Tags: Brazil | bonds | currency | Pimco

Pimco Turning Bullish on Brazil's Bonds as Strength Overlooked

Monday, 14 April 2014 03:58 PM

Pacific Investment Management Co., which manages the world’s largest bond fund, is turning bullish on Brazil’s bond markets, saying investors are ignoring the “long-term strength” of South America’s biggest economy.

Inflation-adjusted yields are among the highest in the world, Mark Kiesel, deputy chief investment officer at Pimco, said in a research note on the company’s website following a trip to Brazil. Kiesel is one of the six portfolio managers promoted to deputy CIO in January in a management overhaul following the resignation of Mohamed El-Erian as co-CIO.

“The global credit team left Brazil more bullish, a significant change from the past few years,” Kiesel wrote. “Our main conclusion was that sentiment was so negative that markets had likely overshot and could improve from depressed levels given that relative value had finally become attractive.”

Kiesel’s comments came three months after Bill Gross, Pimco’s CIO and co-founder, said Brazil was no longer a preferred emerging market amid concern that an expansionary fiscal policy is fueling an increase in the country’s debt burden. Standard & Poor’s cut Brazil’s credit rating one step to the lowest level of investment grade last month in the first reduction in more than a decade.

The $5.9 billion Pimco Emerging-Market Bond Fund held 25 percent of its assets in Brazil as of March 31 in the largest country allocation after Russia, according to the Newport Beach, California-based company’s website.

‘Less Traveled’

“Simply put, there comes a point to take the road less traveled, when a lot of bad news is priced in,” said Kiesel

Gross said Brazil was no longer a preferred emerging market at the 2014 ETF Virtual Summit in January after the firm was hurt by a wrong-way bet on the nation last year. A decade ago, Pimco bought Brazilian bonds as they plunged before presidential elections in 2002, a wager that proved prescient and burnished the reputation of El-Erian.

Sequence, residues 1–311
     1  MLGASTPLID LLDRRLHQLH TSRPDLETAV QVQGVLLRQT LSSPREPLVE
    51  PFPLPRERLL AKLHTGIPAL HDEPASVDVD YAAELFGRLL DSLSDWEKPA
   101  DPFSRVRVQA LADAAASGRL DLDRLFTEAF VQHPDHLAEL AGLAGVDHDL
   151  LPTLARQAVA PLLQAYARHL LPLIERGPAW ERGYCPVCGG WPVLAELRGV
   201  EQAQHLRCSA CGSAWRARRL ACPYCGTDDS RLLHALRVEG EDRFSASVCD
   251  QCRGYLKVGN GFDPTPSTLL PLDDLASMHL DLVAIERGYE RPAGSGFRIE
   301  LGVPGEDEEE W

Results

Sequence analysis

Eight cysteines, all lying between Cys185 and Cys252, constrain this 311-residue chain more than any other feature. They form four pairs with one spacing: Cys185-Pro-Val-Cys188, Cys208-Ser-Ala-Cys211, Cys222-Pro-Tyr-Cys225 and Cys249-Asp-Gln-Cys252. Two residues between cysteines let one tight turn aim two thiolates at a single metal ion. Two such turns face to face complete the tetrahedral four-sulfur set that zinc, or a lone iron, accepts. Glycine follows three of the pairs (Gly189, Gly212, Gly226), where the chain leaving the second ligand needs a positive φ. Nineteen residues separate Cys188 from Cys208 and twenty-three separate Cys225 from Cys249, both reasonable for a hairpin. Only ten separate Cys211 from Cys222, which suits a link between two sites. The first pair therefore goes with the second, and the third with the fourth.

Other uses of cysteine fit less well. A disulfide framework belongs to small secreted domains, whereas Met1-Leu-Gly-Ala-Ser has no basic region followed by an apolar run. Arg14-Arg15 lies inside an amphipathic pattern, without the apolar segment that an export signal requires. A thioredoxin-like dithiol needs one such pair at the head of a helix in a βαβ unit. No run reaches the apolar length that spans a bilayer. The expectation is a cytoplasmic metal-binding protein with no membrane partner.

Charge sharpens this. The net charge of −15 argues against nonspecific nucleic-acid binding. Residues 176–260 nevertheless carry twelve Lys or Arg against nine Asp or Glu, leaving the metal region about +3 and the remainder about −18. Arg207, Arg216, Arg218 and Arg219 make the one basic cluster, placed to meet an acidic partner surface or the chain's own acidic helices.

Brazilian credit markets have trailed their peers in Europe in recent months. It costs investors 0.39 percentage point more to insure against the risks of bond defaults in Brazil for five years than similarly rated Spain securities, according to credit default swap data compiled by Bloomberg. As recently as October, it was more expensive in Spain.

The underperformance makes Brazil relatively cheap because the country has lower external debt and higher foreign reserves, according to Kiesel. Bonds sold by Petroleo Brasileiro SA, Latin America’s largest company by sales, are also attractive because the government will probably raise gasoline prices after the October presidential election, helping improve the company’s cash flow, he said.

Rate Outlook

Interest-rate swaps showed that investors are betting that the central bank will raise the target lending rate by 2 percentage points to 13 percent by June 2015 even as policymakers signaled they may be done with raising borrowing costs.

The market is “pricing in rate hikes that are unlikely to materialize over the next few years,” said Kiesel. “This provides an opportunity for investors who are focused on the fundamentals in Brazil, which suggest growth is slowing, and that the current level of real rates is too high given a long-term and still-positive secular view of the country.”

Stock Rally  

Brazil’s stock and currencies have rebounded over the past few weeks on speculation that President Dilma Rousseff’s government may change its policies after her approval rating declined ahead of the election. The real has gained 8.9 percent since the end of January, the most among 31 major currencies tracked by Bloomberg, while the Ibovespa index of stocks has jumped 15 percent from a five-year low set on March 14.

A survey published in March by CNI-Ibope showed Rousseff’s approval rating dropped for the first time since July, when street protests triggered by a bus fare increase pushed her popularity to a record low.

“The government approval ratings had deteriorated so much as a result of protests over rising prices, poor public services, a deteriorating fiscal deficit and government overreach that negative opinion polls could be a positive catalyst for change,” Kiesel wrote.

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Pacific Investment Management Co., which manages the world's largest bond fund, is turning bullish on Brazil's bond markets, saying investors are ignoring the "long-term strength" of South America's biggest economy.
Brazil, bonds, currency, Pimco
Monday, 14 April 2014 03:58 PM
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